Sunday, November 20, 2022

Letting Go of Martyrdom

Hello Invisible Audience,


I did a terrifying thing on Friday: I sent an email out to my Spanish students’ parents telling them I was raising my rates.


I tried my best to make it clear how much I had struggled with this decision. I offered a sliding scale for the next session of classes, a “choose-what-you-pay” model. I still named the lowest price, and it was higher than what fall session’s had been.


And you know what? It might not work out.


I got a small flurry of answers pretty quickly, but nowhere near as many as I usually get. I give students in my fall session first priority on registering for the next session, and usually, about 70 percent of the kids continue. Right now I’m at 18 percent.


It might work out. Maybe. But right now, in this moment, I am sitting in the space in-between, where it could go either way. And I’m finding myself thinking about where I would move and what I would do if I didn’t live in this mountain town and teach Spanish anymore. And that makes me wonder if, despite my best intentions, I am seeing this as an abandonment by my community, or if maybe underneath all of this I’m just ready to move on.


The one thing that’s become very clear over the last several months is that I cannot continue as I have been. I waited too long to increase my prices. I’ve increased them incrementally, but never enough to make it possible to comfortably cover all expenses. I’ve been fooling myself about how much it costs to be me: Lyme disease treatment; medication; medical care; food; life. I was supposed to take a group to Mexico in the spring, and it fell through for various reasons. I needed to raise my prices as much as I did, because suddenly I realized that what I am doing is not sustainable, Invisible Audience. And instead of carrying all the burden and shame of not being able to make it work, I finally took a hard look at the balance sheet and decided not to internalize my shame anymore. I decided that it’s not my job to sacrifice myself for the good of the community without asking anyone else for their input about what that good might be. I decided that I needed to actually ask for what I needed. I decided to no longer be a martyr for the cause, because whatever the fuck that cause is, it’s not mine.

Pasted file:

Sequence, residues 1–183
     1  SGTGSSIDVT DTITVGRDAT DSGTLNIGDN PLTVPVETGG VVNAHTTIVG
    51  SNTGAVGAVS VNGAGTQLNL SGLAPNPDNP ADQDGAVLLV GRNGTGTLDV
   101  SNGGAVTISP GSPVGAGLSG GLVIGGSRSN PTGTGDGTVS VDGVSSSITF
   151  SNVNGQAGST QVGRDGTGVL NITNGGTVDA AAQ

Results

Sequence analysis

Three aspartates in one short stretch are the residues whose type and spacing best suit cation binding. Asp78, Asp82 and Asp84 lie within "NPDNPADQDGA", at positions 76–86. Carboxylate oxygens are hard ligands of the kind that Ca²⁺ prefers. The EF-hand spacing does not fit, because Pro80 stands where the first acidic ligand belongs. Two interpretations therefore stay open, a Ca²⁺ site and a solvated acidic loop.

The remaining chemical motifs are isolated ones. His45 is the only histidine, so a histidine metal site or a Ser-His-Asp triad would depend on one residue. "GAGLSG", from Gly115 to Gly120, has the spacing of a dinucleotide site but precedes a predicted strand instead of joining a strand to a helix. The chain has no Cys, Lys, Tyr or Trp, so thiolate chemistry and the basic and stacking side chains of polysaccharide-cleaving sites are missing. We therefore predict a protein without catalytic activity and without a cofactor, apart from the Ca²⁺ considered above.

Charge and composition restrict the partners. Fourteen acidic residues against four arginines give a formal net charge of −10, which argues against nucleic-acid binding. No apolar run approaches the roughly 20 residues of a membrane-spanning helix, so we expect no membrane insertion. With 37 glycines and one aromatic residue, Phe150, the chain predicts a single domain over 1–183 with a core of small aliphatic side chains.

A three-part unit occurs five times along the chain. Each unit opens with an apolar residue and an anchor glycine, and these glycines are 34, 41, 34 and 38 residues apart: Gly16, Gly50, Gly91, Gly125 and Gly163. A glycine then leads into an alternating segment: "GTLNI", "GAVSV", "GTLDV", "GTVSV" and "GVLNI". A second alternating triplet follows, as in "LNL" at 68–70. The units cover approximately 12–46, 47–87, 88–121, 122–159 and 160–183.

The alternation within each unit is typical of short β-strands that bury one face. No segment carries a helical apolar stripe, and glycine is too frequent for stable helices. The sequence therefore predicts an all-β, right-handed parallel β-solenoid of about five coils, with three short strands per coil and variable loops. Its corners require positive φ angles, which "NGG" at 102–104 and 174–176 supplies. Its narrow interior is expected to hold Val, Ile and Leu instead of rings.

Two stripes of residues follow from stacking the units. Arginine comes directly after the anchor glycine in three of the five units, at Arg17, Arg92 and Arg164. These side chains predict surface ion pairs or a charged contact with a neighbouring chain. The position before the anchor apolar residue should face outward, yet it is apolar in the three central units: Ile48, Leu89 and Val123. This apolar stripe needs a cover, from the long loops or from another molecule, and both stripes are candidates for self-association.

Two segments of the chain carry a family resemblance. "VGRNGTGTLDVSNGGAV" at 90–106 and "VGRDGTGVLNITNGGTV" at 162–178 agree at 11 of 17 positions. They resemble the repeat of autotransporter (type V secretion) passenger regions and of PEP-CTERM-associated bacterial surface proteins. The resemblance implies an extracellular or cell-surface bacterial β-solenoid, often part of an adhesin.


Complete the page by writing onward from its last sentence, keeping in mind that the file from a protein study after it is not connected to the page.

It may not work, Invisible Audience. I may have asked for too much. I may have accidentally alienated my student base, despite my best intentions not to. Maybe people would rather not have their kids in Spanish than accept that they need the sliding scale option. Or maybe Friday afternoon wasn’t a smart time to send out that email, and I’ll hear from more families soon.

And as much as I know it’s not about me—everyone gets to decide for themselves whether they can afford classes, I logically know that—I am trying my best to remind my reptile brain of that fact as I walk through my life, wondering if I just inadvertently blew it apart.


There’s a bit of space here, though, Invisible Audience, that I’d forgotten about. You see, I’ve been here before, when a space has opened up that scared the shit of out of me but also reminded me that change is not always bad. That there’s room in change for new and good things. That there might be a new reality out there waiting for me that looks nothing like the one I’ve grown so accustomed to.


Or maybe it’s just that this in-between space is extremely uncomfortable, and I’m trying to manage it in my head by planning all the ways I can survive if it all comes crashing down.

But now that I’ve taken this step, I find that I don’t want to take it back, even if I could. There was too much self-sacrifice in what I’d been doing. Too much suffering silently, hoping someone else would notice and save me. Too much resentment when no one did. Too much trying to get by on being as small as I could.


No more, Invisible Audience. Whatever is ahead of me, it will no longer be the same as what is behind me.


Love and no longer a martyr for the cause,



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